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Principals embrace Oracle’s educational initiative

More than 1400 NZ principals embrace Oracle’s educational initiative

Oracle and NZ government meet to discuss success of, an online educational initiative between Oracle Corporation and the Ministry of Education is being embraced by almost 50 percent of New Zealand principals. is a free Oracle web-based environment - being implemented by the Ministry of Education - designed for the educational sector to build and maintain online communities. Personal web pages and email accounts are provided to enable primary and secondary school principals to discuss, collaborate and debate online and to upload images, play videos, and explore themes within local and global communities.

Rolled out in February this year, the Think.Com project is well ahead of schedule with 1400 principals now accessing the four different online communities. These include “TKI Central”, “Principals Electronic Network (PEN)”, “New Principals Online (NPO)” and “ICT Online” (managers of the Lead School Network initiative).

Education Minister Trevor Mallard said these environments provide principals with new ways to communicate and share ideas online.

“This is an exciting opportunity. We were aiming to introduce 600 principals to the PEN community every year for four years but we’ve more than doubled this in the eight months has been running.”

The success of to date has prompted two international Oracle executives to meet with Trevor Mallard in Auckland today, one year since Prime Minister Helen Clark formally announced the availability of in New Zealand.

One of the visiting executives, Vice President Nicole Melander, said she is particularly glad to see the project being adopted so aggressively by New Zealand principals as it provides an excellent example of a long term, sustainable approach to bringing technology into the classroom.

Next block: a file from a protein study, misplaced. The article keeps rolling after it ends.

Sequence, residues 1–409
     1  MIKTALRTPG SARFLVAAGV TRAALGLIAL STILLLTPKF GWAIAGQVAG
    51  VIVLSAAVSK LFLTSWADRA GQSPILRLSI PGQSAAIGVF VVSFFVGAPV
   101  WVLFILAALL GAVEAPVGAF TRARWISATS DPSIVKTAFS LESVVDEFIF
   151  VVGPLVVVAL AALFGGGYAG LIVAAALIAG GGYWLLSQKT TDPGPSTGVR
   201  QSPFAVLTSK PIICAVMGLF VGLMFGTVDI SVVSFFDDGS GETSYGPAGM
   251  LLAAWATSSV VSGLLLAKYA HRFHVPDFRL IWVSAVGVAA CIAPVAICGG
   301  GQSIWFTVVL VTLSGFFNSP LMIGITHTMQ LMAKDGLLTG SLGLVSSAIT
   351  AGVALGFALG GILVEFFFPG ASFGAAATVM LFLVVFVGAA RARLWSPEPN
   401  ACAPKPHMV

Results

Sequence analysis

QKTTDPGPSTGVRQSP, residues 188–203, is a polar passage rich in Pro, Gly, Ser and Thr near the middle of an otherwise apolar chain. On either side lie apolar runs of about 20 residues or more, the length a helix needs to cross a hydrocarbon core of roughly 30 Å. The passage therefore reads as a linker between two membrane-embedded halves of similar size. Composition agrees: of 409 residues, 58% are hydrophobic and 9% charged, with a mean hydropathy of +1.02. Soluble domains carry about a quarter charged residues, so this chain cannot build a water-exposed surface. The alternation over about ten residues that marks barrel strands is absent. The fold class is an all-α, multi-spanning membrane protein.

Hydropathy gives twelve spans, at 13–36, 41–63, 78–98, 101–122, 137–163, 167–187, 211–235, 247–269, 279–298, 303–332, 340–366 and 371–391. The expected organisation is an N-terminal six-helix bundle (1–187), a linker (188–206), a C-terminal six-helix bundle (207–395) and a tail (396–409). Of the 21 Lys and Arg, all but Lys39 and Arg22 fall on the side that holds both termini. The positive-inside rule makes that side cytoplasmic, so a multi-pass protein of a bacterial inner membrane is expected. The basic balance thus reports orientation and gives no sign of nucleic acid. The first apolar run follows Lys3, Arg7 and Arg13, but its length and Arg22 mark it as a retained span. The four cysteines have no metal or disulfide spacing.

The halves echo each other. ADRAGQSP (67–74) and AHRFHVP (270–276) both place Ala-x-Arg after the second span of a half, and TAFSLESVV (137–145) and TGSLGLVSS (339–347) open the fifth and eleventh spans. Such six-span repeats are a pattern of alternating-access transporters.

Education Minister Trevor Mallard said that, which features 100 percent local content and no advertising, fits well with this government’s agenda to facilitate the integration of Information Communication Technology (ICT) into the everyday life of schools.

“The project has helped principals foster successful school management through professional dialogue. It’s an integral part of a range of initiatives that have been established to assist principals to collaborate and share their experiences, insights and knowledge, and to access quality information online.”

Stephanie Thompson of Waihola District School in South Otago, one of the principals active in the PEN community, said she is very supportive of the concept and sees it as key in the future delivery of educational services.

“ provides principals all over the country with the tools to share their day-to-day experiences. It’s a great tool for professional discourse and the experience I have gained has enriched my technology skills,” Ms Thompson said.

The next step of the project involves trialing a fifth online community, “Future Proof”, which will see New Zealand school students using for the first time.

“Future Proof” will enable participating students to meet each other online and to work collaboratively on a range of topics together. New Zealand is the first country in the Asia Pacific region and the fourth of five countries in the world to receive

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